There's No Place Like Home in Uncommon's Holiday Ad for WWF

For all creatures, great and small

Some species can't go home for the holidays because humans are encroaching on their natural habitats. Every day, deforestation and commercial exploitation rendering some animals' domains unlivable.

London agency Uncommon illustrates this point in "Space to Live," a minute-long film for the World Wildlife Fund's U.K. operations.

Shot in crisp black and white by the Shirley Chipchase Collective, with an affecting, contemplative score from Nils Frahm, the clip mixes CGI and animation to set up a mystery. A schoolgirl walks home from a music lesson one night, encountering strange sights on the streets. She passes a ruined fruit stand and several wrecked cars. What could it mean?

She soon finds out. Following the odd trail into a park, which shows signs of damage, she wanders onto a basketball court and discovers…

WWF | Space to Live

…an elephant, far from the sun-kissed savanna, with an aching sadness in its eyes.

"We would all be lost without a home," the ad says. "Let's protect theirs."

In the end, the beast vanishes: The scenario took place in the girl's imagination. Though of course, the problem remains all too real. African elephants have disappeared from 50 percent of their home ranges over the past 40 years, the WWF says, owing in large part to land conversion and agricultural development.

"The idea of an elephant in the middle of a U.K. city was sparked when we saw animals starting to enter cities around the world during the coronavirus lockdown," Uncommon creative directors Jonas Roth and Rasmus Smith Bech tell Muse. "The trail of destruction came later, to build tension and highlight how we can't give them our home, but we can still protect what's left of theirs."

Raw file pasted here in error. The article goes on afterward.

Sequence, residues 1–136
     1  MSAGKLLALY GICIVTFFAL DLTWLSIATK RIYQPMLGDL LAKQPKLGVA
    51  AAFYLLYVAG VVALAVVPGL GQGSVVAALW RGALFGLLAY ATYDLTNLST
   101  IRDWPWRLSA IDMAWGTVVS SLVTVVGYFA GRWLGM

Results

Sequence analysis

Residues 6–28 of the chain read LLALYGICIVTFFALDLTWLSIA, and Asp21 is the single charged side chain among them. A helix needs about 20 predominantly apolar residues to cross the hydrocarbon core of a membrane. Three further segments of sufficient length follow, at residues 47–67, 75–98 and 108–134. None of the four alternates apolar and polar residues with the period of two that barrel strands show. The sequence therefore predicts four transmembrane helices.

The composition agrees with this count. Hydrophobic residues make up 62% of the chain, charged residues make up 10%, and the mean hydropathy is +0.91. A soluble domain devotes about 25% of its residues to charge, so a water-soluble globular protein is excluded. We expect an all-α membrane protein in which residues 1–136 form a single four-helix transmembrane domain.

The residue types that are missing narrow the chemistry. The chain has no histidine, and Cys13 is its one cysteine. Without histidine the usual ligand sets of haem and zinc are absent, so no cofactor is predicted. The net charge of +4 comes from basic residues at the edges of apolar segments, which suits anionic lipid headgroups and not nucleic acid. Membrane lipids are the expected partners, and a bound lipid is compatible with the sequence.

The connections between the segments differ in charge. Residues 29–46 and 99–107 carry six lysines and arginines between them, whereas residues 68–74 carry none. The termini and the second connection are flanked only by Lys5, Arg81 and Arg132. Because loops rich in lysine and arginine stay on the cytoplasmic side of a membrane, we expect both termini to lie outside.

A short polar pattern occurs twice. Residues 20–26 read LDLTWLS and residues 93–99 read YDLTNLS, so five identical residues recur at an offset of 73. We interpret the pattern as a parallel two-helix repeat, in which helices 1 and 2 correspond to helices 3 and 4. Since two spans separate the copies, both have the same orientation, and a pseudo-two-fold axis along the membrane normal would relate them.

"Our approach aimed at highlighting how elephants need space to live," they say. "We should all live together, but not in the same place. Nature belongs in nature. If we keep destroying their habitats, they'll have nowhere to go—but go extinct."

Launched ahead of the yuletide season—the WWF's most important fundraising stretch—the spot ties in with Christmas "in the sense that the holiday is all about feeling safe, being with family and the power of home," the CDs explain. "Christmas is a hard-hitting contrast to constantly being on the run, leaving family behind and fleeing your home. That's the life of elephants."

Memorably odd, the work mirrors themes from Greenpeace's recent animated PSA about a jaguar that visits humans to explain its plight. Here, however, the elephant looks entirely realistic. Here, the pachyderm's unexpected presence, sans dialogue, drives home the message, and the spot serves as a potent meditation on loss and hope.

"We have the power to change things for the better," says WWF chief executive Tanya Steele. When viewers "adopt elephants" through their contributions, "they're not only protecting this much-loved species, but also helping develop solutions for people to live safely alongside elephants and benefit from conservation efforts," she says. "The generous donations we receive enable us to deliver positive environmental change across the globe and create a home where both nature and people can thrive."

CREDITS

Project name: Space to Live
Client: WWF UK
Creative studio: Uncommon
Production company: MPC Creative
Director: The Shirley Chipchase Collective
Exec Producer: James Niklasson
Service Company: B2Y Production
Local EP: Alex Kenanov
Local Producer: Dani Vasev
Editor: Zoe Izzard
DOP: Krum Rodriguez
Post-production: Moving Picture Company
VFX Supervisor: Filip Popov
CG Lead: Matteo La Motta
2D Lead: Warren Gebhardt
Animation: Mack Knights
Asset team: Silvia Bartoli, Amar Chundavadra, Matteo La Motta, Ria Banerjee & Ullas Thunga
Comp: Vaishali Awaghade, Anand Swain, Shaik Abdul Adil & Pratyush Paruchuri
VFX Producer: Sandra Eklund
Line producer: Salil Thapa
Grade: Moving Picture Company
Colourist: Matthieu Toullet
Soundtrack composer: Nils Frahm
Track name: Them
Published by: Manners McDade Music Publishing
Record label: Erased Tapes Records
Audio post-production: Factory
Audio engineer: James Utting
Audio producer: Deborah Whitfield
Media agency: Dentsu (Vizeum & Merkle)
Media planner: Deborah Batchelor, Emma Bucknall, Simon Hiblen

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